The Otero Mesa Legacy of Governor Richardson and Sierra Club Volunteers

Otero Mesa Golden Gloves

In 1998, Rio Grande Chapter excom member Margot Wilson who lives in Southern New Mexico heeded the call to attend a scoping meeting on drilling for natural gas on Otero Mesa. Heyco Energy group, an oil and gas drilling company owned by the Yates family of Southeastern New Mexico had flooded the BLM with applications to drill on the pristine grassland so the agency called for an Environmental Impact Statement (EIS).

Bill Clinton was president then and after the meetings and comment gathering what emerged in the Resource Management Plan was not terrible. It allowed no new roads and minimal development on Otero Mesa balancing drilling with the natural values of the landscape.

Then George W. Bush was elected. Heyco Energy was among his largest contributors in the region and the BLM threw out the earlier documents and put in place plans for extensive development of Otero Mesa with drilling allowed on over 90% of the area. This threatened to alter and destroy the grassland and wildlife of the Mesa and also put at risk what may be an extensive fresh water aquifer underneath the land.

A coalition of environmental groups including the Sierra Club sued the BLM in 2005 and last fall, over a decade since the first scoping meeting, that suit came to fruition with a favorable ruling for the environment of Otero Mesa. The U.S. Court of Appeals for the Tenth Circuit ruled that oil and gas leasing cannot proceed on Otero Mesa without new environmental analysis and that the BLM must consider the alternative of closing the Mesa entirely to oil and gas drilling.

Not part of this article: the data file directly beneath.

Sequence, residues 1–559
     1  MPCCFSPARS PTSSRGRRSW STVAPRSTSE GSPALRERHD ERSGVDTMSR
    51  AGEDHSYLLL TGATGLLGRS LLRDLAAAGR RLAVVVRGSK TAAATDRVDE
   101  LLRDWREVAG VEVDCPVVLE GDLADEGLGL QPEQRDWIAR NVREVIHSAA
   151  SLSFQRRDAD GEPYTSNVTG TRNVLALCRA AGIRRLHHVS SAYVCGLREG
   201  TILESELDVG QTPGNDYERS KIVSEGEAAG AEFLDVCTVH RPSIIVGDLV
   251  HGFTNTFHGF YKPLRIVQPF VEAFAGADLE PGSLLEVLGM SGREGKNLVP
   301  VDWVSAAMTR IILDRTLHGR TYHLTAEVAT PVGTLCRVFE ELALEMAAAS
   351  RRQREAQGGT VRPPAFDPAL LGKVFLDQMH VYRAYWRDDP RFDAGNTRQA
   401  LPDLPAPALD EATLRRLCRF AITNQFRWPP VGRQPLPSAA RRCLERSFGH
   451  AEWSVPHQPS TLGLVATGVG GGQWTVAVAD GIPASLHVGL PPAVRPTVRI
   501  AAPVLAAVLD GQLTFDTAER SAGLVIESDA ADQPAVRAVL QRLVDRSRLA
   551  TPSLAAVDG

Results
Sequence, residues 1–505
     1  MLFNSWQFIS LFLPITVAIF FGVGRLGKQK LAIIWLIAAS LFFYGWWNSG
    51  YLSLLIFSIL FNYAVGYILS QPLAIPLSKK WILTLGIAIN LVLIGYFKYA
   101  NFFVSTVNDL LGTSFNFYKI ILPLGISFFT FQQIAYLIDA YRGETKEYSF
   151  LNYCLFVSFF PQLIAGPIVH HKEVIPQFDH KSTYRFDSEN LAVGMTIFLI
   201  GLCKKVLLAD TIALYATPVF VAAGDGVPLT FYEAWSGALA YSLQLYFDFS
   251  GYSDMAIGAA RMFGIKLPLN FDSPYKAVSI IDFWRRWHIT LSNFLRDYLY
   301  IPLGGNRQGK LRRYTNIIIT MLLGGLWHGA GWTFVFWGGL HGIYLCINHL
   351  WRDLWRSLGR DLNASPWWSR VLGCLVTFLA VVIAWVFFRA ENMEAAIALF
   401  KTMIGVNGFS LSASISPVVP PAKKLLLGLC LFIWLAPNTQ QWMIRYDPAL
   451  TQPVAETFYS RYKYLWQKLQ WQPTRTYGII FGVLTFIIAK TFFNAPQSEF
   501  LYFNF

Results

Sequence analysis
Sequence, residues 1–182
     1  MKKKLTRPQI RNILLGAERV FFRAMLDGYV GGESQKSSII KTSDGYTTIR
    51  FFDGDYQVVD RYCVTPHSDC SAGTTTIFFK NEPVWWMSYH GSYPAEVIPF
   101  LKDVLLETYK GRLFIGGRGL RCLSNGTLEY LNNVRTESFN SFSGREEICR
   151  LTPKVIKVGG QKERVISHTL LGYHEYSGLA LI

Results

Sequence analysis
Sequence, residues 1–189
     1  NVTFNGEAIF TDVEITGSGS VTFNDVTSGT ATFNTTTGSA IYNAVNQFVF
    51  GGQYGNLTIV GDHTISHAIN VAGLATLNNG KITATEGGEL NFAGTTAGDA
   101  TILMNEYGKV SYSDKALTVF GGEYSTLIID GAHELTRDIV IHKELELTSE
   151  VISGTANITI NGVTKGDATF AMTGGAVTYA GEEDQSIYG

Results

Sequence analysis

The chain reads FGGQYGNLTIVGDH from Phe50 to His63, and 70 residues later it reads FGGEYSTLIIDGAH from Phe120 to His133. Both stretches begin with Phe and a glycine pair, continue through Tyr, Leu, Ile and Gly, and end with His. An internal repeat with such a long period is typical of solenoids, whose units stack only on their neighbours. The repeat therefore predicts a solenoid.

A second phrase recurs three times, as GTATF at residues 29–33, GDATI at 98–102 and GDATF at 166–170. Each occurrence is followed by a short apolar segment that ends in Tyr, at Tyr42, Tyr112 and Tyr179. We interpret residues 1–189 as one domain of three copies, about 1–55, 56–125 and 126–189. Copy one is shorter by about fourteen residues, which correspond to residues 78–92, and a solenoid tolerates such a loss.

This could not have happened without the help of Governor Bill Richardson who drew a line at Otero Mesa which he would faithfully not cross even in the name of “economic development”. In recognition of that, the Governor stepped into an Albuquerque Boxing ring in January 2010 to accept a pair of Golden Gloves bestowed by New Mexico boxer Holly Holm on behalf of the conservation organizations he championed. It also should be noted that the Sierra Club would not have had standing to join in this successful lawsuit had Margot Wilson not attended the initial scoping meeting all those years ago. People in power can wield a lot of influence, but the power of ordinary people can be extraordinary as well. Our thanks are due to politicians who didn’t back down to protect Otero Mesa and to our volunteers who also stepped up to make a difference. - Mary Katherine Ray